Let Our Medical Malpractice Attorneys Explain Some of the Basic Things You Need To Know About Medical Malpractice and Bone Fractures During Labor or Delivery
Bone fractures can happen to a baby during the birthing process. Here are some important things you need to know if your baby fractured a bone during labor and delivery.
What Causes Bone Fractures in Babies?
Bone fractures can be caused during labor and delivery. There are several circumstances that can cause a baby’s bones to break. Sometimes, a baby is pulled too forcefully from the birth canal, especially if the baby’s size makes it difficult to pass through the mother’s cervix. When a baby is stuck, certain obstetrical tools like forceps, may be used to pull the baby out. Negligent use of obstetrical tools can cause skull fractures, as well as other injuries. Skull fractures can also occur when there is significant pressure on the skull during the actual delivery. There are also times when fractures are caused because the baby was dropped after delivery.
What are the Symptoms of a Bone Fracture in an Infant?
Here are some of the basic signs that your baby may have a fractured bone:
- Pain, bruising, redness, or swelling around the area of broken bone;
- Constant crying, especially when the affected area is touched or moved;
- The baby is unable to move or has limited movement in the broken limb; and
- A deformity in the affected area (e.g. a drooped shoulder if there’s a clavicle fracture)
A bone fracture is evidence of a forceful impact. It is not uncommon for a fractured bone to be associated with other injuries. As a result, it is important to assess the child for any other evidence of injury. For example, if the fracture is to the skull, there may be damage to the brain as well. Also, fractures to the arm or shoulder could indicate an injury to the nerves of the arm including conditions like Brachial Plexus injury or Erbs’ Palsy.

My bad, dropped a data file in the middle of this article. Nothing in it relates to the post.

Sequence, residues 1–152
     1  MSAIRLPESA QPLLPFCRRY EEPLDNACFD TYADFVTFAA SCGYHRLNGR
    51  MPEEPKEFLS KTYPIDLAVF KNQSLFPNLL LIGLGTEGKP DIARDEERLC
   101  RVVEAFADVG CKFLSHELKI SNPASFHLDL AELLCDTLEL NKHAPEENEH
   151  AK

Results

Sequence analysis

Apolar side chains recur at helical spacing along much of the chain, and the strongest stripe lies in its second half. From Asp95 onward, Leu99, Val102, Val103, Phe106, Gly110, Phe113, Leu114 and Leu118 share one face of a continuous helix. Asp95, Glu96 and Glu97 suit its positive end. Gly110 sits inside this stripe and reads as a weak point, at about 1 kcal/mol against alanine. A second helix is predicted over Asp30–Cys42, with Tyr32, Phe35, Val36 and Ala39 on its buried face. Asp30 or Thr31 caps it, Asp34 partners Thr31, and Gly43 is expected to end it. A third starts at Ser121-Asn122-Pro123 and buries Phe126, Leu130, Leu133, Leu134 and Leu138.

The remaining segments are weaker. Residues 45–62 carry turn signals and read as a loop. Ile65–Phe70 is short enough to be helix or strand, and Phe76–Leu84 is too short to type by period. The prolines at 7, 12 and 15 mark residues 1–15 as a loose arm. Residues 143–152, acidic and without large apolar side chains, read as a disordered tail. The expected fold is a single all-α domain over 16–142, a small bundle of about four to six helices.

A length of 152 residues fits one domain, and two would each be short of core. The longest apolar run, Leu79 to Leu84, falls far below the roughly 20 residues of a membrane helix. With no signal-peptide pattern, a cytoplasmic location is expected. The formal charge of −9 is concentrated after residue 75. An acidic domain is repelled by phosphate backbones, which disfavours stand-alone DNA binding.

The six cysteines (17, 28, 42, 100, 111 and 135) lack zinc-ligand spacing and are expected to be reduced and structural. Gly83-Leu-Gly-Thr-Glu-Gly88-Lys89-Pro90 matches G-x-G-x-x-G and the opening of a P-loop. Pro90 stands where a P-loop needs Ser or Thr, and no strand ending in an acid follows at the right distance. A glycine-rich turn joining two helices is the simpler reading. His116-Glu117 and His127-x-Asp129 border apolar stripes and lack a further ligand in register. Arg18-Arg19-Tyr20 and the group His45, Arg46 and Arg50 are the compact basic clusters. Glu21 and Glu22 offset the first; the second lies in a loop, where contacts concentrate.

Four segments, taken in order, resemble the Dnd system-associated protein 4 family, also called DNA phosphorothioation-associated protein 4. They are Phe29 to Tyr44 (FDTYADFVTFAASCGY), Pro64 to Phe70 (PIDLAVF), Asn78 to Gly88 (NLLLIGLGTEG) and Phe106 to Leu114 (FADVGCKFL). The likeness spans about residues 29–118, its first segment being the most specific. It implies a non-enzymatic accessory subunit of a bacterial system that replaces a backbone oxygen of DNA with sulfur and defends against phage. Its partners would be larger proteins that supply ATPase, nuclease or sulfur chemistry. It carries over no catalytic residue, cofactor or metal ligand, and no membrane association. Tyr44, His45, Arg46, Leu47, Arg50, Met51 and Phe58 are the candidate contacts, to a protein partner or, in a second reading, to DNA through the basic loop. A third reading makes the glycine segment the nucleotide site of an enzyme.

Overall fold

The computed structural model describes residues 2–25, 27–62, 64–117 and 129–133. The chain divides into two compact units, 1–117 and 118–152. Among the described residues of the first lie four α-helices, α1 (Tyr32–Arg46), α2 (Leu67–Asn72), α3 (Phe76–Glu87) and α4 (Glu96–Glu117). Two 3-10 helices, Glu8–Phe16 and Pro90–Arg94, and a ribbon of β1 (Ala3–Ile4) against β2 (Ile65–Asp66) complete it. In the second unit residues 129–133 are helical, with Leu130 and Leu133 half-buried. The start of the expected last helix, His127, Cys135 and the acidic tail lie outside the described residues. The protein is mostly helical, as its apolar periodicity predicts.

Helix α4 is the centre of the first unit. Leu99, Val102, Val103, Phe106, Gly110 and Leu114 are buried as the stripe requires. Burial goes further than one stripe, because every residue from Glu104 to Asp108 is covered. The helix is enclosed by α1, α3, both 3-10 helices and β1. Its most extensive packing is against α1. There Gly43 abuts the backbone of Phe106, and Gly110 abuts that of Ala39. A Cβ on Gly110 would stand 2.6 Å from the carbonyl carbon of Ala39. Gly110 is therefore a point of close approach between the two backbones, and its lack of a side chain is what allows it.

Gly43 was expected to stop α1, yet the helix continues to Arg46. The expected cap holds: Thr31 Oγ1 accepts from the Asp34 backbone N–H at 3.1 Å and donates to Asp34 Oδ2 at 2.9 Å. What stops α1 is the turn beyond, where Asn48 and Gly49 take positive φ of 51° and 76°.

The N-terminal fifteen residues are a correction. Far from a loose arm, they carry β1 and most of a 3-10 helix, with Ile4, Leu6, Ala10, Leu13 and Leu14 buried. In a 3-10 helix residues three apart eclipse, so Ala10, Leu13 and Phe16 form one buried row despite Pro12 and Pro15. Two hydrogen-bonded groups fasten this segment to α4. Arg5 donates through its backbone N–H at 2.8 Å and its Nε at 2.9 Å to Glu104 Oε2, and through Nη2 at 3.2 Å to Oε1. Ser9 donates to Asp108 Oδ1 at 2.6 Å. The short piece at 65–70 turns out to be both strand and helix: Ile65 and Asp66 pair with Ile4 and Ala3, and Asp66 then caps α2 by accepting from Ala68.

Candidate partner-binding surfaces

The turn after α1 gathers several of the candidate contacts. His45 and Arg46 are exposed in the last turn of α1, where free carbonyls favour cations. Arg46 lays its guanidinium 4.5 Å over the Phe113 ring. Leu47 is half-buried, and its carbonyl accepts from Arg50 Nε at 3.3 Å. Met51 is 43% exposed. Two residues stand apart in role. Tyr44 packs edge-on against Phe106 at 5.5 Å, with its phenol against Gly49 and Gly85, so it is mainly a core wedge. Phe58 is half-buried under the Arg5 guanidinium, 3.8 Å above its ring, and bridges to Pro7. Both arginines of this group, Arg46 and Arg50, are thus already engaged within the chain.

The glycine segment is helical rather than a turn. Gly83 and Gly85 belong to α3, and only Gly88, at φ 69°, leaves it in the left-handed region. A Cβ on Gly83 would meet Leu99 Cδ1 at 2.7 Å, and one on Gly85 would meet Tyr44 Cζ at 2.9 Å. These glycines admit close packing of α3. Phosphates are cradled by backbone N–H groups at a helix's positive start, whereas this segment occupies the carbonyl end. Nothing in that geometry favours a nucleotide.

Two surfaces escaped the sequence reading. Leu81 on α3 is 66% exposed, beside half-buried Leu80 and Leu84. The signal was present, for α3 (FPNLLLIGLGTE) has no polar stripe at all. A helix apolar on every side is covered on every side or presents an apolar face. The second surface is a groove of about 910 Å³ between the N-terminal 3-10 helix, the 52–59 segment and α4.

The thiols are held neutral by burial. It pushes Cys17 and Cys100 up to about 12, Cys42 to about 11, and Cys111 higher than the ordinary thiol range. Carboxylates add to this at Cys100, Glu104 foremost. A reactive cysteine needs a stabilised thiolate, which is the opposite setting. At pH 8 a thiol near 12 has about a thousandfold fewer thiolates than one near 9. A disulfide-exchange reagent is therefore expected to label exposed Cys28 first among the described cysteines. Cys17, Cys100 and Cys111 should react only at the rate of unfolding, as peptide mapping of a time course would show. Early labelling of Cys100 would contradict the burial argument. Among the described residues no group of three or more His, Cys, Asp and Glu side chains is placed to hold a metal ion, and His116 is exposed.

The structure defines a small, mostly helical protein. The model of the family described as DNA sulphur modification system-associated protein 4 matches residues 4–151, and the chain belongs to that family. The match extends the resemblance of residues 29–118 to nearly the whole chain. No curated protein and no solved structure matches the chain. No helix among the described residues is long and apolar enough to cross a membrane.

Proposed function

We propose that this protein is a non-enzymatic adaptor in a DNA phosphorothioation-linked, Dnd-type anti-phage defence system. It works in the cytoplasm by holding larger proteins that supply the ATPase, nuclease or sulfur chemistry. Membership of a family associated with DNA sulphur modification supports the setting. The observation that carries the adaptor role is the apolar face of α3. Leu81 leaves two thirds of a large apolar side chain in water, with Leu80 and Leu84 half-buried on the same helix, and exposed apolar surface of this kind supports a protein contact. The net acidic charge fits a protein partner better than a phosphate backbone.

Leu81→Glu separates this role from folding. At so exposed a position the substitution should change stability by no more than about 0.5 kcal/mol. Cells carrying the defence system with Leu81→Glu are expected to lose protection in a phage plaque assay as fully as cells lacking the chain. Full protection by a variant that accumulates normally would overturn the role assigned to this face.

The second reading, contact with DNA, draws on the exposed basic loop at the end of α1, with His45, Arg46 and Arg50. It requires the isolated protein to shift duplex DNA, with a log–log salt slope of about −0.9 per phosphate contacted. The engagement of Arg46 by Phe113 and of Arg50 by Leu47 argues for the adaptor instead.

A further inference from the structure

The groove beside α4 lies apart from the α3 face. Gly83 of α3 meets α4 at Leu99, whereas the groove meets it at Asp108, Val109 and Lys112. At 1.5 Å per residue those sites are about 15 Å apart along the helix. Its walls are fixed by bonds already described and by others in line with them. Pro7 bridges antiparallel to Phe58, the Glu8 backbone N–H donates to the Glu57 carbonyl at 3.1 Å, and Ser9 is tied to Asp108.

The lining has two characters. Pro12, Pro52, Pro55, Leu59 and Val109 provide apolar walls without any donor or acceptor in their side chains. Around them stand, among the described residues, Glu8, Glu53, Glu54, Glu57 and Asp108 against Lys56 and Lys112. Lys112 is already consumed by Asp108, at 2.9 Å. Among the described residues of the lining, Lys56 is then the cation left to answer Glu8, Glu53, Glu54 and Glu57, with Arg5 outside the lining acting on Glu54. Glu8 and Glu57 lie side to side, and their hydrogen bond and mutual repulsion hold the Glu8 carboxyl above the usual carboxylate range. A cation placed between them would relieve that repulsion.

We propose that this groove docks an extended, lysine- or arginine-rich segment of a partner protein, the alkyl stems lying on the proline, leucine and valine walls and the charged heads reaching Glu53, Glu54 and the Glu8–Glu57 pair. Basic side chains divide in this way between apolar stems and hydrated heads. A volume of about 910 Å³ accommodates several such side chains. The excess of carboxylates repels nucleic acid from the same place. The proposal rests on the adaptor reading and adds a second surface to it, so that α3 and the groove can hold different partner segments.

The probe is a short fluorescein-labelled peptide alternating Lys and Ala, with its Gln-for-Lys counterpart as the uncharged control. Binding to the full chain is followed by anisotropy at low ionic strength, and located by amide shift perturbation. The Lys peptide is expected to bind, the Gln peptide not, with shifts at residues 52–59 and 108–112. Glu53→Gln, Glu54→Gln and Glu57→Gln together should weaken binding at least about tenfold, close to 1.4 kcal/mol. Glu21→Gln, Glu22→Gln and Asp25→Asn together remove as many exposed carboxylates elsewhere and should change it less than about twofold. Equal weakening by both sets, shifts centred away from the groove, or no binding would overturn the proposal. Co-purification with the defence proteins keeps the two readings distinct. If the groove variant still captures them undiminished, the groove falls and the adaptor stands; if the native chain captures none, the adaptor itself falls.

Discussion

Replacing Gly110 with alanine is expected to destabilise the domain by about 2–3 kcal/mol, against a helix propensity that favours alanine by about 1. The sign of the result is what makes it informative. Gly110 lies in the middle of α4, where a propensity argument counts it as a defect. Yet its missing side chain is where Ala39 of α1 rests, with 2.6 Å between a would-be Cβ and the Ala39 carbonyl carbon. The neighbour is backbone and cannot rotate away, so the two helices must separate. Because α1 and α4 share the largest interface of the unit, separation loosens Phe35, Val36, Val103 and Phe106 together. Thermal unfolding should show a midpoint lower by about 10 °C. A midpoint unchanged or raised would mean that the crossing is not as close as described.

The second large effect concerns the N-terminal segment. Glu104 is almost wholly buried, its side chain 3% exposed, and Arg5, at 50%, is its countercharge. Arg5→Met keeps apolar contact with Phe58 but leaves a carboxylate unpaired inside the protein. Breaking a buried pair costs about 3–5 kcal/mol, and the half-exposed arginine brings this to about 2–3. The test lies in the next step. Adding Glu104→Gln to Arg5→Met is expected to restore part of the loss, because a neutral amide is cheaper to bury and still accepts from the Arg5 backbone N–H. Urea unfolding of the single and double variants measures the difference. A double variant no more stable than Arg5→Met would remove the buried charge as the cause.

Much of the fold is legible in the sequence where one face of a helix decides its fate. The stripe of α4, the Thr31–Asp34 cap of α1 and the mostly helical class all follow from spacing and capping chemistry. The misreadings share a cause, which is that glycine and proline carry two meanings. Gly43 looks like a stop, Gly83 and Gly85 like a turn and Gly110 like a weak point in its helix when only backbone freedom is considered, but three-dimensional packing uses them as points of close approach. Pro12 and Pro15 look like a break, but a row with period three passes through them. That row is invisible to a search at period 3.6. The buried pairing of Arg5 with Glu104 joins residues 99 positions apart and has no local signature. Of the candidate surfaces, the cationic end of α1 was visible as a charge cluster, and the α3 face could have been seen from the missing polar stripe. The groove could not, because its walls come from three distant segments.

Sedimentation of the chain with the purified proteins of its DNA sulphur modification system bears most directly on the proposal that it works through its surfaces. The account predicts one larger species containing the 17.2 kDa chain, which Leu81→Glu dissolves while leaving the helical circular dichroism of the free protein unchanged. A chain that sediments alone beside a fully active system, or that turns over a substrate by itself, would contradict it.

How Are Infant Bone Fractures Treated?
There are different treatment options for infants with bone fractures. Fractures are usually first treated with ice and stabilization. After that, a doctor may recommend a splint or cast. If the fracture is displaced, there may be a need to perform an operation to help the bone heal. The good news is that, in most cases, an infant with a bone fracture will heal without long-lasting effects. There are times however, when an infant’s bone fractures extends into the bone’s growth plate, which can result in serious issues with the bone’s continued growth.
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If you have any questions concerning your medical malpractice case, contact our experienced birth injury lawyers for more information by email or by calling (800) 762-9300. You can also get started by simply filling out one of our case intake forms and we will have one of our attorneys get right back to you.
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